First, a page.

- 8 April 2021
- 3:00 pm
- This is the first lecture in the seven-part series titled, Artist in Focus: William Hogarth.
Mark Hallett explores the first of Hogarth’s great pictorial series, A Harlot’s Progress, which he painted and published in the early 1730s. This set of six pictures, which told the pitiful story of a fictional prostitute, Moll Hackabout, caused a sensation. In this lecture, Mark introduces Hogarth himself, sketches out the background to the Progress, and suggests some of the reasons why this work made such a dramatic impact.
About the speaker
The Director of Studies oversees all aspects of the Centre's activities, ensuring that it supports the most original, rigorous and stimulating research into the history of British art and architecture, and fosters collaboration with our sister-institution, the Yale Center for British Art.
Prior to taking up his position at the Centre in 2012, Mark worked in the History of Art department at the University of York. Appointed as lecturer in 1994, he became a Professor in 2006 and was Head of Department between 2007 and 2012.
His scholarly research has focused on British art from the seventeenth century onwards. The books he has written and edited include The Spectacle of Difference: Graphic Satire in the Age of Hogarth (Yale University Press, 1999); Hogarth (Phaidon Press, 2000); Eighteenth Century York: Culture, Space and Society (edited with Jane Rendall, Borthwick Institute, 2003); Faces in a Library: Sir Joshua Reynolds's 'Streatham Worthies' (The Watson Gordon Lecture 2011, National Galleries of Scotland, 2012); Living with the Royal Academy: Artistic ideals and Experiences in England, 1769–1848 (edited with Sarah Monks and John Barrell Ashgate, 2013); Reynolds: Portraiture in Action (Yale University Press, 2014); and Court, Country, City: British Art and Architecture, 1660–1735 (edited with Nigel Llewellyn and Martin Myrone, Yale University Press, 2016). He also co-edited the major online publication, The Royal Academy Summer Exhibition: A Chronicle, 1769–2018 (Paul Mellon Centre, 2018).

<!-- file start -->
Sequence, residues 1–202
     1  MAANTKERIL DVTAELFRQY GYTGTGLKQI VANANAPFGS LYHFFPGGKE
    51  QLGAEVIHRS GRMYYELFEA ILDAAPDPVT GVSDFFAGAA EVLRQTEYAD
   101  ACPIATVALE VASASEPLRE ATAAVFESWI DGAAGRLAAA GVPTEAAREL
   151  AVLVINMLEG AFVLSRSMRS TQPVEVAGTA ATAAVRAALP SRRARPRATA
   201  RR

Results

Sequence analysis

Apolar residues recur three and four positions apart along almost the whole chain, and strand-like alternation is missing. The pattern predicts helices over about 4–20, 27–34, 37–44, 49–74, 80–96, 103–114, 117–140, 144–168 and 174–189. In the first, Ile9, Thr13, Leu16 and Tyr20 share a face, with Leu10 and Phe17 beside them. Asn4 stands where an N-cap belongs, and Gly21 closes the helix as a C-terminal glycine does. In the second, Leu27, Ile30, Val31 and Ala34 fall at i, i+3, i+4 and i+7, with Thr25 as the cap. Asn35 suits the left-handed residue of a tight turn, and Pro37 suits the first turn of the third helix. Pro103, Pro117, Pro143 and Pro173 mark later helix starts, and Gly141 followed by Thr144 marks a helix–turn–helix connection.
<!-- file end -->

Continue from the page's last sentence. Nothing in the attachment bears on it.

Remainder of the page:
Mark has also been involved in curating numerous exhibitions. He co-curated the 2007 Tate Britain exhibition Hogarth and co-authored the accompanying catalogue with Christine Riding; he co-curated the 2011 York Art Gallery exhibition William Etty: Art and Controversy and co-edited the accompanying catalogue with Sarah Burnage and Laura Turner; he co-curated the 2015 Wallace Collection exhibition Joshua Reynolds: Experiments in Paint and co-edited the accompanying catalogue with Lucy Davis. With his PMC colleague Sarah Victoria Turner, he curated the 2018 Royal Academy exhibition, The Great Spectacle: The Royal Academy and its Summer Exhibitions 1769–2018, and co-authored the accompanying catalogue. He curated George Shaw: A Corner of a Foreign Field, which opened at the Yale Center for British Art in October 2018, before travelling to the Holburne Museum, Bath, in February 2019. With Zuzana Flaskova and Rosie Ram, he recently co-curated the Tate Britain Spotlight Display Vital Fragments: Nigel Henderson and the Art of Collage, for which he also co-wrote a series of short films on Henderson’s collage-work Screen. He is currently carrying out research for an exhibition on John Constable and J.M.W Turner, and developing a book project on painted collage in the 1960s.
Mark has been the recipient of a Leverhulme Research Fellowship and a Mellon Senior Fellowship. He has been a Visiting Scholar at Pembroke College, Cambridge (2013–14) and a Visiting Professor at the Courtauld Institute of Art (2014–16).
15 Apr 2021
The Sequel: Hogarth’s A Rake’s Progress, 1734–5
Public Lecture Course